An Austrian man who fathered seven children with a daughter he held captive in a cellar for more than two decades has pleaded guilty to rape and incest, but denies murdering a newborn son. Josef Fritzl spoke at the start of what has been dubbed Austria's trial of the century.
Austrian engineer Josef Fritzl only said "no comment" when asked by a court reporter why he held his daughter Elisabeth for 24 years in a sound-proof cellar built beneath his home in the town of Amstetten. Fritzl conceived seven children with her, but one of them died.
Investigators say he also kept three of the children incarcerated from birth, while bringing others upstairs, where he lived with his wife who allegedly did not know of the incest. Fritzl apparently told her the children were abandoned by daughter Elisabeth who had fled to a cult.
The 73-year-old Fritzl is facing charges that include murder, incest and rape. He told the court in the town of St. Poelten, near the Austrian capital Vienna, that he was guilty of incest and raping his daughter. But he strongly denied he was responsible for murder by neglect.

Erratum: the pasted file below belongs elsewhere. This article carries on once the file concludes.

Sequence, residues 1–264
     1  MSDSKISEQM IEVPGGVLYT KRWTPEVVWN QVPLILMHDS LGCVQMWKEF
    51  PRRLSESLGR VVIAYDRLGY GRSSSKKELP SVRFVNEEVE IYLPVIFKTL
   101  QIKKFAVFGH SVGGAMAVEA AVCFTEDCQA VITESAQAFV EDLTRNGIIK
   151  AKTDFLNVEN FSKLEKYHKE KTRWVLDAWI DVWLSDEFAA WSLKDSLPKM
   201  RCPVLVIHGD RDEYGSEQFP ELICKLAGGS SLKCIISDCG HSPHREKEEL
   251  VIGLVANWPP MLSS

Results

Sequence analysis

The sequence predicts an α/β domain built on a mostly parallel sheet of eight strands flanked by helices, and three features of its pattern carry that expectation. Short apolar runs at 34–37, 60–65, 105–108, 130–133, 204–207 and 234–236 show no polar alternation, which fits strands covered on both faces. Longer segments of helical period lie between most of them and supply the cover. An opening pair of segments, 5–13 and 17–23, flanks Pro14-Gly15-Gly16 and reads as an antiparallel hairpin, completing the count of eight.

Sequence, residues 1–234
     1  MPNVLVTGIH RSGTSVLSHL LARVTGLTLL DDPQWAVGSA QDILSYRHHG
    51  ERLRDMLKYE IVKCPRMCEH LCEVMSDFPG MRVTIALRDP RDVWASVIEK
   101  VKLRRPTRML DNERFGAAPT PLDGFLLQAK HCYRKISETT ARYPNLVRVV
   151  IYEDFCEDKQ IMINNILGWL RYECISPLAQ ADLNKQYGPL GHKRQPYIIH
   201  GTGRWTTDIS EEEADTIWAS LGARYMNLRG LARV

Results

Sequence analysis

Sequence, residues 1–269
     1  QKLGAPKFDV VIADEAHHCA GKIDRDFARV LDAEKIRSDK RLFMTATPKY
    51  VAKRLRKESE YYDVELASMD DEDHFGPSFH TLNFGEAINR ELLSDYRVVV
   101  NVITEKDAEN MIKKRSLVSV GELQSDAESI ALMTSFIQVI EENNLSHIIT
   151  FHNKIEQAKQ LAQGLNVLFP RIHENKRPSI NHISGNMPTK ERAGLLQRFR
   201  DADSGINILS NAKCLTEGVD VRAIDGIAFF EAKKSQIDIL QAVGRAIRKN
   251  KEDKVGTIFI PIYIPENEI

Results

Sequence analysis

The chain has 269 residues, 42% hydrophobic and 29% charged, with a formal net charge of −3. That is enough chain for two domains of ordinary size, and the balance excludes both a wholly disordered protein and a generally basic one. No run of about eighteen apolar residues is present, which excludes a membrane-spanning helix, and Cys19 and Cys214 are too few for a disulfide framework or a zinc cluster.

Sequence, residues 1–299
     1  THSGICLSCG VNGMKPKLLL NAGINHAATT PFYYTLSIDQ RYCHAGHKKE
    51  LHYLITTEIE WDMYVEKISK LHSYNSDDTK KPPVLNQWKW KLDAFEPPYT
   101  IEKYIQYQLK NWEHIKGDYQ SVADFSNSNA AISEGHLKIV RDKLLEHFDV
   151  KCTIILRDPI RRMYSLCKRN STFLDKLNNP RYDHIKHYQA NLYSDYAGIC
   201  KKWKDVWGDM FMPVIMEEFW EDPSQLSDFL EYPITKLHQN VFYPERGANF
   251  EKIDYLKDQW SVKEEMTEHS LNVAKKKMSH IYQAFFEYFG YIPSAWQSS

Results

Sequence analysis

Prosecutors argue Fritzl is responsible for the death of a twin, who died shortly after being born in the cellar in 1996. They said this was murder by neglect because Fritzl failed to seek help for the baby, whose body he allegedly burned in a furnace.
The case, which made world headlines, was uncovered last year after he took some of the children out of the cellar, and his seriously ill daughter, Kerstin, to a hospital.
Kerstin, who was 19 at the time, had never been outside and her hospital trip eventually led to Fritzl's arrest in April last year. He allowed the now 43-year-old Elisabeth to leave the cellar to visit Kerstin in hospital. But Elisabeth also spoke to police about her life in captivity.
Austrian police chief Franz Polzer said Elisabeth "looked pale in her face" and "much older" than she is.
After we promised her confidentiality, he says, she told us her life story that was hard to believe.
Elisabeth and her six surviving children now live under a different identity and have receive treatment to help overcome the horrors they experienced.
Speaking at Fritzl's trial, Judge Andrea Humer, said she realized this is an emotionally charged case. But she urged the jurors and court to remain objective.
"Under article six of the European Convention on Human Rights which has been enforced in Austria for decades, everyone is entitled to a fair and public hearing within a reasonable time by an independent and impartial tribunal established by law," she said.
Defense lawyer Rudolf Mayer agreed and said Fritzl is not a "monster." He said the charge of enslavement was inappropriate as Fritzl "brought up a second family."
A verdict is expected Friday. Prosecutors and his defense team say Fritzl will likely remain locked up for the rest of his life.